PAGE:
I have to admit that this is not really an answer, but rather some sort of meta-answer with some very general remarks which I hope do not bore everyone reading this; it just seems to me that this is necessary to indicate that it is rather misguided, as Yemon already says in the comments and I strongly agree with, to ask such a question if some book introduces elementary number by means of category theory.

Mathematics is all about the nontrivial, unexpected relationships. Category Theory is not really about finding such relationships, but rather about the correct setting, language and *color* some theory is developed. This point of view does not really contradict the hitherto development of category theory into a huge area of mathematics in its own right, full of nontrivial deep theorems; namely because often there is some geometric or whatever background which is our real motiviation. There are ubiquitous examples (model categories, topoi, stacks, $\infty$-categories, ...) which I don't want to elaborate here.

Anyway, as I said, mathematics really starts when something unexpected happens, which does *not* follow from general category theory. For example, the covariant functor $\hom(X,-)$ is always continuous, but when is it also cocontinuous, or respects at least filtered colimits? It turns out that this leads to a natural finiteness condition on $X$, namely we call $X$ then finitely presented. But finally to arrive at the question, $\mathbb{Z}$ is easily seen to be a inital object in the category of rings, but what theorems from category theory are known about initial objects? Well there is nothing to say, expect that every two initial objects are canonical isomorphic, which is just a trivial consequence of the definition. So $\hom(\mathbb{Z},-)$ is easy to describe, but what about the contravariant functor $\hom(-,\mathbb{Z})$? What happens when you plug in $\mathbb{Z}[x,y,z]/(x^n+y^n=z^n)$ for some fixed $n>2$? Does category theory help you to understand this? This example also shows that although the Yoneda-Lemma says that an object $X$ of a category is determined by its functor $\hom(X,-)$, it does not say you anything about the relationship of $X$ with other objects, for example when we just reverse the arrows. Instead, we have to use a specific incarnation of the category and its objects in order derive something which was not there just by abstract nonsense.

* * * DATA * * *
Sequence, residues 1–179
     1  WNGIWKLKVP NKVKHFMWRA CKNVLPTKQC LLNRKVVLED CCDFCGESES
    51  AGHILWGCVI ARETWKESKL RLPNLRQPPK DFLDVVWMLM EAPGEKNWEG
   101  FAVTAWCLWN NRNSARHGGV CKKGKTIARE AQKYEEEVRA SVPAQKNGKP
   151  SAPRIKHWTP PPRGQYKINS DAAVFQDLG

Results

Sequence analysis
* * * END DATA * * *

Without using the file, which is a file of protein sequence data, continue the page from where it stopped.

Perhaps related questions are more interesting: Which investigations in elementary number theory have led to some category theory (for example, via categorification), which was then applied to other categories as well, thus establishing nontrivial analogies? Or for the other direction, which general concepts become interesting in elementary number theory after some process of decategorification? But in any case, it should be understood that you have to digest elementary number theory before that ...

great. – Todd Trimble♦ Jun 19 '11 at 17:13